Leader of the House Dr Shahzad Waseem said that through ordinance, the constitution was not being amended and that the query was regarding the Elections Act 2017 seeking ultimate opinion. The government approached the SC in view of diverse opinions. Citing the Committee of the Whole report on the subject, which was brought in the Senate in May 2016, he explained that one of the recommendations for bringing transparency was writing the name of a lawmaker on the ballot paper so that it should be identifiable and if and when a party head wanted to verify whether or not he or she had complied with the party line and if he or she violated it, then there was also mention of de-seating, invoking the defection clause. He said the Senate was meant to give proportional representation to parties. He continued that the element of money and other offers would kill this spirit and the members would go for petty interests. He wanted to know while the two major parties also wanted transparency and had signed the CoD, but during their ten years of rule, they did nothing to bring transparency in Senate polls. These two parties, he alleged had a policy to follow but their public posturing was altogether different and asked them to be part of the effort instead of following double standards.
Federal Information and Broadcasting Minister Shibli Faraz said the opposition should have supported open Senate elections. “We have to end the politics of buying and selling in Senate elections. As the matter has both legal and moral aspects to it, questions have been raised in the past on Senate polls and now it is time to do away with this trend,” he said. He called for restoring the sanctity of the House by bringing transparency in the process, which paves the way for candidates to become its member. He said the poll process should not be made controversial anymore and pointed out that both the main parties had governments for 10 years but could not hold transparent elections and did nothing for this purpose.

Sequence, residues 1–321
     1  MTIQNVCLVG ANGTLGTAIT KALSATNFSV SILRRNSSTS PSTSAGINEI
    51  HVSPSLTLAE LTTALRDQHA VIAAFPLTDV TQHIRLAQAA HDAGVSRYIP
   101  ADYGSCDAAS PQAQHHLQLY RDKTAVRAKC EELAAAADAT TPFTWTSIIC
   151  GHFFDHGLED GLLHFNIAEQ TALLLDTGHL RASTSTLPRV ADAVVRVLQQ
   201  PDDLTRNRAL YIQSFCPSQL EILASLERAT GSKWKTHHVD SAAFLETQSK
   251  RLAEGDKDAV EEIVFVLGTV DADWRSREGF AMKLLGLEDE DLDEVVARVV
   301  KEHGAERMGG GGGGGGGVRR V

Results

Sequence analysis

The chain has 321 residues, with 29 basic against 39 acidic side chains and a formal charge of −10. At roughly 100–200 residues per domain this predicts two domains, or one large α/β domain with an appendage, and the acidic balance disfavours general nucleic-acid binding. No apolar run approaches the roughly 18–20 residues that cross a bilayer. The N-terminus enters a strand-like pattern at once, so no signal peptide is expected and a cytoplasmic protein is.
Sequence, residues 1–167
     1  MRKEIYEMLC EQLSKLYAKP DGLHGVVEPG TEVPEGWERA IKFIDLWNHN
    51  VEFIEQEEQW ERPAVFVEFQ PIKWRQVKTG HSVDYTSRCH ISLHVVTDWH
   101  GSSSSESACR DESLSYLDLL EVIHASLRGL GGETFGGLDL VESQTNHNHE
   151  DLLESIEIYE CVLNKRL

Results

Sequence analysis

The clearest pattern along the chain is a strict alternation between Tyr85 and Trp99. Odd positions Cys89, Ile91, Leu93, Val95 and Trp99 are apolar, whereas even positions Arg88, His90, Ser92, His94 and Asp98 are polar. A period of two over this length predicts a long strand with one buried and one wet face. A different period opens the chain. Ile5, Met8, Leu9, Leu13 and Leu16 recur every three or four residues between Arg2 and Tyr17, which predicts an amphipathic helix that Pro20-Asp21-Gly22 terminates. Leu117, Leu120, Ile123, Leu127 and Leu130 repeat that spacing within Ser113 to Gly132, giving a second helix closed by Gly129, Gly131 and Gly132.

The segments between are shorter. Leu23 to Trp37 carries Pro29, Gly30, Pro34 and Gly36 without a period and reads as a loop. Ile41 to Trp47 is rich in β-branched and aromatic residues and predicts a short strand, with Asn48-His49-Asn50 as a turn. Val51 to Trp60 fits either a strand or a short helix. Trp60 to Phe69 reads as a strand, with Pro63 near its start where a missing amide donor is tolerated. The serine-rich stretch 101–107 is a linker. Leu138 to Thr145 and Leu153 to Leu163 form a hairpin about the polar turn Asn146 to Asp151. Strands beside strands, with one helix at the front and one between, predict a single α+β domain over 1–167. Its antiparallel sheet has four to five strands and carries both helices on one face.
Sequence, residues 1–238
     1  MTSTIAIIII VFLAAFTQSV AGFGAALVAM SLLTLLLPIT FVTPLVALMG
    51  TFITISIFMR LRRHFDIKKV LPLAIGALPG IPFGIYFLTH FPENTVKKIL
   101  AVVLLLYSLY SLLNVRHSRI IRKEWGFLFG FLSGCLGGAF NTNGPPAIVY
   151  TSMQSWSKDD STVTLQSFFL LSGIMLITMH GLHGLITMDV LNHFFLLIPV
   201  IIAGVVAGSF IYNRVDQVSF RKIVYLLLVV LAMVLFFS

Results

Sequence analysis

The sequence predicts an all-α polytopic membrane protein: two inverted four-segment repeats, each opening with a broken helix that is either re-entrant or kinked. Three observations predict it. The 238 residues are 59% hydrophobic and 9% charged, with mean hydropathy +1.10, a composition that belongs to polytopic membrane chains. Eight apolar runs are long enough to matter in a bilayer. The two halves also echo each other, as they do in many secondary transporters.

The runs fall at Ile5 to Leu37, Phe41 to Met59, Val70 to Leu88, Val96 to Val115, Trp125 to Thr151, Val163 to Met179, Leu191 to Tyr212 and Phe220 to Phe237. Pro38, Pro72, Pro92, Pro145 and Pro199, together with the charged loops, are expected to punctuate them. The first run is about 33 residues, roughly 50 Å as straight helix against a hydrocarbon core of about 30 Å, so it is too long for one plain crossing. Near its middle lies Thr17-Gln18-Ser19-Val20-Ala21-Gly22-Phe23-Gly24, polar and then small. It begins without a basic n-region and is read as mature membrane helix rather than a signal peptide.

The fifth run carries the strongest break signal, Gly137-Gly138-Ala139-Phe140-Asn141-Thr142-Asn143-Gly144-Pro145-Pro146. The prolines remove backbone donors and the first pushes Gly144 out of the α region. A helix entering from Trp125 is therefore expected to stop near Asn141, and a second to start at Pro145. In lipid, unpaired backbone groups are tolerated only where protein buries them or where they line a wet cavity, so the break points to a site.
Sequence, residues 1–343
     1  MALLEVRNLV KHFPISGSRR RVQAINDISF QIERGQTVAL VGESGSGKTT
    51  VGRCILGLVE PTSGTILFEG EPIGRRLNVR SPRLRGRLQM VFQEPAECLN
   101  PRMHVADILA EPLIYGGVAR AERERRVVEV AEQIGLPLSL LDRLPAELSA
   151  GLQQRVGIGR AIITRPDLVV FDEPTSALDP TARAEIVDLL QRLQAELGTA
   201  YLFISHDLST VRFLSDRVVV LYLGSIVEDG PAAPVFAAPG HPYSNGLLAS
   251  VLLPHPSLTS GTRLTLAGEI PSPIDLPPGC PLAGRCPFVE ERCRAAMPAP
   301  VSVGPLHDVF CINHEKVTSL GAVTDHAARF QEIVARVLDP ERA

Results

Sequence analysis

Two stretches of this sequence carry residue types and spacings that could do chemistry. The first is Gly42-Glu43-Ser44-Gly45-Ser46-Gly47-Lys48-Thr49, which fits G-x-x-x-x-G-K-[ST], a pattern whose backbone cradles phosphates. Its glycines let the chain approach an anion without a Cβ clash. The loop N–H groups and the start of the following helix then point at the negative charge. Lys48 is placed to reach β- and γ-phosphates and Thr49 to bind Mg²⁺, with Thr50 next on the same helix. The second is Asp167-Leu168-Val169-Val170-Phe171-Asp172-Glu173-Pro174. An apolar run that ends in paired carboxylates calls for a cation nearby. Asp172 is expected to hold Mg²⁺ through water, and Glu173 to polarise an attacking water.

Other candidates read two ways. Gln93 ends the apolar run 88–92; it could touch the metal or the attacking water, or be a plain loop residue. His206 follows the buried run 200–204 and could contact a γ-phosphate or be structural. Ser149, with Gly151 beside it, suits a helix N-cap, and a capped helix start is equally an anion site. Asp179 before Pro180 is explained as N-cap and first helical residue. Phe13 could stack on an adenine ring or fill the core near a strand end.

Shibli said Prime Minister Imran Khan had been saying that the menace of corruption had done the most damage to the country and he had the resolve to eradicate it. “It is an opportunity for the opposition to review its past sins,” he remarked.
JI’s Mushtaq Ahmad backed the call for the president’s impeachment and said he had transgressed his powers by waiting for the two Houses to be prorogued to promulgate the ordinance. He said ordinances were not a popular practice and in less than ten countries, powers were given for such a step.
State Minister for Parliamentary Affairs Ali Muhammad Khan asked why the PPP was unable to fulfil the wish of its leader Benazir Bhutto and Nawaz Sharif also could not realise the CoD in toto. "It is the prime minister's resolve to bring transparency and do away with the role of money in politics," he said.